A Sobering Look at Why Sunday Liquor Laws Violate the Sherman Act
Yale University - Law School
Utah Law Review, Vol. 2011, No. 2, 2011
This Article does not address all Sunday closing laws in effect today, but limits its focus to Sunday closing laws having to do with alcohol-Sunday liquor laws. As states move to modernize blue laws, the laws most difficult to repeal have been those restricting the sale of alcohol on Sunday. Alcohol-related blue laws are particularly relevant statutes, not only because of their staying power, but because they are subject to the Twenty-First Amendment to the Constitution. The evolution of the Court's jurisprudence as to the intersection of the Commerce Clause and the Twenty-First Amendment has opened the door for a challenge to Sunday laws under the Sherman Antitrust Act.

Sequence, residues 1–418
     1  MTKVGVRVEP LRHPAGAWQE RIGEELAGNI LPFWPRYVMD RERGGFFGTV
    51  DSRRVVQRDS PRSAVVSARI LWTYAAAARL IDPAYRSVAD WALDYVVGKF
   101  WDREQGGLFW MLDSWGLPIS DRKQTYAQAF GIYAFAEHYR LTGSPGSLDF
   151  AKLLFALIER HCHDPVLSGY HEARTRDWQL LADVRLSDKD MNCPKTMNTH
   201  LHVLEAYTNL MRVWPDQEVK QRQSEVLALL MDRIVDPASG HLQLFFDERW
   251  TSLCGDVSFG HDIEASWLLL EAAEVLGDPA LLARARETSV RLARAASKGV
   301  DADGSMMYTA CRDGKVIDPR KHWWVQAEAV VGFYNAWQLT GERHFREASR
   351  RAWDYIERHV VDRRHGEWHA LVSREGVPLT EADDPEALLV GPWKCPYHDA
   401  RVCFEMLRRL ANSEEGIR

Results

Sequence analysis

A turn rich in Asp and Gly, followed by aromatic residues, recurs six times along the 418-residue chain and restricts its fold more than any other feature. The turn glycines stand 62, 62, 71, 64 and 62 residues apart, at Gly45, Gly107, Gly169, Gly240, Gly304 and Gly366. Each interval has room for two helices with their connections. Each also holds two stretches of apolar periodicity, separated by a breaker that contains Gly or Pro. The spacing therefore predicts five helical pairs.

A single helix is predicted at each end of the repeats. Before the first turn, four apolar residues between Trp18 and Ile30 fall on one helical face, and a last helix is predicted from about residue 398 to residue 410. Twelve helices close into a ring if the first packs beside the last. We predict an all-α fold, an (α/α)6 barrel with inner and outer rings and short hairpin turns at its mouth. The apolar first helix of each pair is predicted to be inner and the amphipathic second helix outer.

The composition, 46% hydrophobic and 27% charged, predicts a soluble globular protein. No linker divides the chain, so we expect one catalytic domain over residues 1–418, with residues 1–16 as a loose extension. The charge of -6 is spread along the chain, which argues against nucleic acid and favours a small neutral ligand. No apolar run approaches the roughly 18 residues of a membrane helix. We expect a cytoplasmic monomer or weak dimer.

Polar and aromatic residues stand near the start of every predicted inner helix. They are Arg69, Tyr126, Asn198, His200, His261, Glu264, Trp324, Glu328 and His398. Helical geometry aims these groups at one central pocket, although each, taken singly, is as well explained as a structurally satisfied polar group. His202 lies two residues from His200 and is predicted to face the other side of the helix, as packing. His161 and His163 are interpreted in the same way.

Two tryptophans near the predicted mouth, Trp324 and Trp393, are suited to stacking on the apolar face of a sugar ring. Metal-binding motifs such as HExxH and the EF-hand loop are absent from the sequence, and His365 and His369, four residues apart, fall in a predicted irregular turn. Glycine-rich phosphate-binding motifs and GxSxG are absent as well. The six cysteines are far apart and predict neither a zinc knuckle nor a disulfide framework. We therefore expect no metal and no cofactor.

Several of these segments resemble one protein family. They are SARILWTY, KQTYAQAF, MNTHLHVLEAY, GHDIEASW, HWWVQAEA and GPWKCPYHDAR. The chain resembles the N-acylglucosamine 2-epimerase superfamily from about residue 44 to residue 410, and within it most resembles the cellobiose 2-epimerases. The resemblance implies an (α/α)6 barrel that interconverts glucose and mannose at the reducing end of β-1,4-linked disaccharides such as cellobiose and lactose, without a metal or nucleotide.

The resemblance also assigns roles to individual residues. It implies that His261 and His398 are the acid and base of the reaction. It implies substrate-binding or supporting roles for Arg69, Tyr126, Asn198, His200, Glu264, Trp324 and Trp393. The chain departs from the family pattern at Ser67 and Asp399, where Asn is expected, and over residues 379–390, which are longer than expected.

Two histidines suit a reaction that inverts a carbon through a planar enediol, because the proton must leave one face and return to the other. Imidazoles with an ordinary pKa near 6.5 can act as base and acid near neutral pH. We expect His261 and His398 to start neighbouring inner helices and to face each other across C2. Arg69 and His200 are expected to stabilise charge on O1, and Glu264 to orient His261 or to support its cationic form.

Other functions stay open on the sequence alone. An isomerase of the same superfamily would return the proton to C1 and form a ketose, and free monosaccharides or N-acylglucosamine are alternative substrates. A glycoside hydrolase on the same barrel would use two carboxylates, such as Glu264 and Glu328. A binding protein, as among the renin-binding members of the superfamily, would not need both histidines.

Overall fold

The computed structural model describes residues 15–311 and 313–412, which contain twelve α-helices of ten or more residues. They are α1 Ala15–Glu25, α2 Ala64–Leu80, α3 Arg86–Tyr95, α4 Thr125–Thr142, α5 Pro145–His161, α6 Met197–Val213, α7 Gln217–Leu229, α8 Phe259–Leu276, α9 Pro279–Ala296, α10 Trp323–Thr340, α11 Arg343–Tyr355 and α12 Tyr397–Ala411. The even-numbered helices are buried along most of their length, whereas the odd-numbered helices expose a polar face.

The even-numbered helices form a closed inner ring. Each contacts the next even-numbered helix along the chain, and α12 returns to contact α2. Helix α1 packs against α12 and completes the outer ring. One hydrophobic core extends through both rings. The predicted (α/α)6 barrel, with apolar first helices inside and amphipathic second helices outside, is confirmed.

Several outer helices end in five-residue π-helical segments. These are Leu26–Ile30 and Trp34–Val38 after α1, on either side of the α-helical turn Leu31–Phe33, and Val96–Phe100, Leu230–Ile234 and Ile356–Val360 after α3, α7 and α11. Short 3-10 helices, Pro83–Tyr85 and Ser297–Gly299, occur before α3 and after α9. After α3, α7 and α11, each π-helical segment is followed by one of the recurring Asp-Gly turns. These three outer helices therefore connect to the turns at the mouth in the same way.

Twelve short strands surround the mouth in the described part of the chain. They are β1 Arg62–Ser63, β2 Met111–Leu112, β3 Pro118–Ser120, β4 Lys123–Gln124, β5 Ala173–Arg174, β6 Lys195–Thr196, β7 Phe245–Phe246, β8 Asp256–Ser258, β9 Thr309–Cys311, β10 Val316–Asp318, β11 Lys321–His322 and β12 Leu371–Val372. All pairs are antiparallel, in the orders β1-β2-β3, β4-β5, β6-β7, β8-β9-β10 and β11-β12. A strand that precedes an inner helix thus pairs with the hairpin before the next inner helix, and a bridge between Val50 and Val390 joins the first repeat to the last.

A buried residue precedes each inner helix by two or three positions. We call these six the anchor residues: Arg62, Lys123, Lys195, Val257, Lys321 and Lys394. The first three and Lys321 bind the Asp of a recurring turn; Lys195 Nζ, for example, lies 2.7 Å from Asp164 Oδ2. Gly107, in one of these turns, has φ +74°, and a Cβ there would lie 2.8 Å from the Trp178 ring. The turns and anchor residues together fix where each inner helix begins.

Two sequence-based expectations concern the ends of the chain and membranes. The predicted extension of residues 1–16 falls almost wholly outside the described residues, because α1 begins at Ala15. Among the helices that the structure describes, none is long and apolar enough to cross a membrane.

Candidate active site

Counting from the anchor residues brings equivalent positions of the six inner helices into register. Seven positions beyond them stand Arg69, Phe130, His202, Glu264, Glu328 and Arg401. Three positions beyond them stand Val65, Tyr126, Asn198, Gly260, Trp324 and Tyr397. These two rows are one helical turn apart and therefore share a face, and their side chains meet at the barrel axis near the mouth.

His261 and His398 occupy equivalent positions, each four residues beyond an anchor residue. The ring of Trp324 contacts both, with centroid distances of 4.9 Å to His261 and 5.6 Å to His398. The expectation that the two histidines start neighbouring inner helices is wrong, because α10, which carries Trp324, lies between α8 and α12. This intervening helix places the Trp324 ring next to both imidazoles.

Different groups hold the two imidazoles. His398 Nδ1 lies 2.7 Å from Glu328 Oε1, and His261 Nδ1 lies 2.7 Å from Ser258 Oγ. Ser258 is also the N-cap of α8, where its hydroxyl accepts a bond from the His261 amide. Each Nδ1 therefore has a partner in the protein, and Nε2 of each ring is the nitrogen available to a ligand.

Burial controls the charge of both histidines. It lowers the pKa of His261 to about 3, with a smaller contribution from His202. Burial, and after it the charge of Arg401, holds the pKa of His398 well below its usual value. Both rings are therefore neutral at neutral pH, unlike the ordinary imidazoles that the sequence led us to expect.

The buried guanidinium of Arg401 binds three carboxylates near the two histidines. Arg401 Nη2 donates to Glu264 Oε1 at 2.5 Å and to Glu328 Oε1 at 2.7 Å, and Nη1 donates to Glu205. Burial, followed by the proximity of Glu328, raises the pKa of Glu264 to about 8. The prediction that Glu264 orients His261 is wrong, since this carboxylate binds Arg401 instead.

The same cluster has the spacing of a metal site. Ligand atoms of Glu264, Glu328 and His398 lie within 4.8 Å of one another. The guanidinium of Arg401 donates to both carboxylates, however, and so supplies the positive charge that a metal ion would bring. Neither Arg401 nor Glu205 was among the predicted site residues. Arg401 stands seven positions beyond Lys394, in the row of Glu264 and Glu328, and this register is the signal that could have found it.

Part II provides a brief history of Sunday closing laws in the United States. Part III discusses failed constitutional challenges to Sunday closing laws, generally under the First and Fourteenth Amendments. Part IV describes the Supreme Court's evolving jurisprudence on the intersection of the Commerce Clause and the Twenty-First Amendment and shows how, over time, federal interests have grown in increasing importance relative to state interests. Part V explains the strong anticompetitive effects of Sunday liquor laws. Part VI evaluates the countervailing state interests in Sunday liquor laws, and discusses the lack of empirical literature demonstrating the efficacy of Sunday liquor laws in promoting public health and safety objectives. Part VII concludes that these laws unreasonably restrain trade and might not withstand a challenge under the Sherman Antitrust Act.
Number of Pages in PDF File: 26Accepted Paper Series
Date posted: December 1, 2011
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